Presbyterian leaders dismayed about police terror raids
On the heels of the police’s anti-terrorism raids last month, the Presbyterian Church of Aotearoa New Zealand (PCANZ) raised its concerns about their impact on the affected communities and on Maori-Pakeha relations.
The issue is particularly sensitive to New Zealand Presbyterians because their church has a historic partnership with the Tuhoe people, which began with the mission of Rev John Laughton in the early 1920s. Recently the PCANZ cemented that partnership by restoring the land used in that mission to the local hapu.
In a letter to minister of police Annette King, PCANZ moderator Rt Rev Pamela Tankersley wrote the Church is deeply concerned about the reports of the police operation.
“Our local ministers in Ruatoki are working hard to give pastoral care to traumatised residents who have been caught up in this operation.
“In no way does the Presbyterian Church support the use of arms or violence as a means to further political objectives, and we have no way of knowing the specific details about those currently held.
“Our concern is that this police operation has affected the entire community and has the potential to inflame tension with Maori. We ask that you investigate this matter carefully seeking independent advice on the wider ramifications of the police actions,” Pamela wrote.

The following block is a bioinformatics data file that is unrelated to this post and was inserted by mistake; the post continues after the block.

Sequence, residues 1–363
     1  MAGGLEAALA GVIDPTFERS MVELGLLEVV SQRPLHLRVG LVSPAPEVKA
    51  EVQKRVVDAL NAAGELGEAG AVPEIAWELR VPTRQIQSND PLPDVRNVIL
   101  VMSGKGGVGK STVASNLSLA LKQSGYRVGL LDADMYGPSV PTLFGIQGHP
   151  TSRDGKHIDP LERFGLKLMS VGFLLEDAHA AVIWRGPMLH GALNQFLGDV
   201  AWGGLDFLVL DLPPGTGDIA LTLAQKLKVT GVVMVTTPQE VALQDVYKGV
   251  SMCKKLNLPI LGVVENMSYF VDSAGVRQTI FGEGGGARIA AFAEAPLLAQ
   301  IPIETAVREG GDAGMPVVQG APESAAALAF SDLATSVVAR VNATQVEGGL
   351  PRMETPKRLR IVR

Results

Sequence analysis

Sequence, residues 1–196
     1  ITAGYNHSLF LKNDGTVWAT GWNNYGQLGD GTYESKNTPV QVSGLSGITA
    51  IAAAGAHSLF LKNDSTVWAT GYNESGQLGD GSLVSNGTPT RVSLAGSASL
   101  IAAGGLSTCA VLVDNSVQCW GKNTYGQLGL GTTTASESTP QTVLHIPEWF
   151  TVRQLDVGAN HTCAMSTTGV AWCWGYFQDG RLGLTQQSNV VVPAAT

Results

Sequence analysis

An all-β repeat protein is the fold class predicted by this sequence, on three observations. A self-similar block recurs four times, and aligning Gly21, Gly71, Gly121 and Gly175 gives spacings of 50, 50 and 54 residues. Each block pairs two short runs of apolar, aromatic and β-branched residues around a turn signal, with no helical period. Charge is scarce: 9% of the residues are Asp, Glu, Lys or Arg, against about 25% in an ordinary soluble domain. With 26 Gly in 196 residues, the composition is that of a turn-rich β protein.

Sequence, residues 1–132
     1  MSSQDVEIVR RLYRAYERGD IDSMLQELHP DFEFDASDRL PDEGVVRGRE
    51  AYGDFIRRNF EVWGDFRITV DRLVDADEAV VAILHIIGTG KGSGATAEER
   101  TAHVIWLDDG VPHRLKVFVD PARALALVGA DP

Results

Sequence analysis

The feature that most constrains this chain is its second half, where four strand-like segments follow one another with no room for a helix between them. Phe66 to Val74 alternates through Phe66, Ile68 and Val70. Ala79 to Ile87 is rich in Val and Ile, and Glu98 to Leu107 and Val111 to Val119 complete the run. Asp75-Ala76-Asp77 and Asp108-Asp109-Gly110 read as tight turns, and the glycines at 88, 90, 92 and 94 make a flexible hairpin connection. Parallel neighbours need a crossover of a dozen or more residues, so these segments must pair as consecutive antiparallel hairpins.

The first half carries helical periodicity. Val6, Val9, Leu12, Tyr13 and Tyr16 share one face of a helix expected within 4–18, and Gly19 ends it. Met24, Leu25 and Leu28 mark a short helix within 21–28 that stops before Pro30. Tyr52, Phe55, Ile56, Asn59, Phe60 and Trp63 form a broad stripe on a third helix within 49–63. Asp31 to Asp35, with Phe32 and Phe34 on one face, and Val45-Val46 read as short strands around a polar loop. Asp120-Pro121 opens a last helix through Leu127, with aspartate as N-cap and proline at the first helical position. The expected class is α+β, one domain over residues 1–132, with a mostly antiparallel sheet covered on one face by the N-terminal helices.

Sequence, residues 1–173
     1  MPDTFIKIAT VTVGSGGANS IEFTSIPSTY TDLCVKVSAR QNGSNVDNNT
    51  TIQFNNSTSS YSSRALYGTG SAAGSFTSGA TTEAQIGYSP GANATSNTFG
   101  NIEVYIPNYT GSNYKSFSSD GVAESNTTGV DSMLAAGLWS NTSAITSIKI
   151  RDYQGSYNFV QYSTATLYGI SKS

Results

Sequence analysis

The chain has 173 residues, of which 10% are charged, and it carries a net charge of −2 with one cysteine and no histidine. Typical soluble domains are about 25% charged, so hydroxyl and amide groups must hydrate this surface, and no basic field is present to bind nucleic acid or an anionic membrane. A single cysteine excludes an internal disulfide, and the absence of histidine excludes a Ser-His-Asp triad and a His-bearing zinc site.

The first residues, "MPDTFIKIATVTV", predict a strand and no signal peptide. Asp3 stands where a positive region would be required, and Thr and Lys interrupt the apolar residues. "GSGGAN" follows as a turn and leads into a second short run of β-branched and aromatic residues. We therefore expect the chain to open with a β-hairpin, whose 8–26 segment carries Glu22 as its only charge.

Rev Wayne Te Kaawa is Tuhoe and a minister in the PCANZ’s Maori synod, Te Aka Puaho. In an open letter to the Church, Wayne wrote the events of October 15th were nothing new to the Tuhoe people.
“In the mid to late 1800s colonial forces invaded the Urewera searching for the religious leader Te Kooti. They employed the scorched earth policy that forced Tuhoe into starvation and subsequently confiscated much of their lands.
“In 1916 the Urewera was again invaded by armed police who shot and killed two people while arresting the Tuhoe religious leader Rua Kenana. Growing up in Tuhoe country as children we would often hear stories of those times. Now our children will grow up telling stories of when armed police invaded the Tuhoe Nation in 2007 and held guns frightening children and old people.
“These atrocities and terrorists acts by the police and the Government upon Tuhoe sovereignty must stop.”
Wayne says his reaction to the events is shaped by the fact one of those killed in the 1916 invasion was his grandmother’s husband, Toko, a son of Rua Kenana.
“For me personally it was like reliving 1916 over again, and, to be honest, I was waiting for someone to be killed and go through what my father had to endure in 1916.
“If this had to be done it could have been done better. Why were the police’s Maori iwi liason people kept in the dark?”
Wayne says Rev John Wharekotuku Thrupp and his wife Honey Thrupp of Ruatoki were providing pastoral care and leadership to their people after the raids. They reported there was sense of anger and hurt amongst the people of the valley. Innocent people were held at gun point, children were frightened by police with guns, and children were stranded by police arresting their parents.
He encourages Church people to write the Prime Minister Helen Clark and Minister of Police and register their disapproval of the events in Ruatoki. And he asks that people pray for the Church’s ministry and mission to the Tuhoe people and for justice to prevail.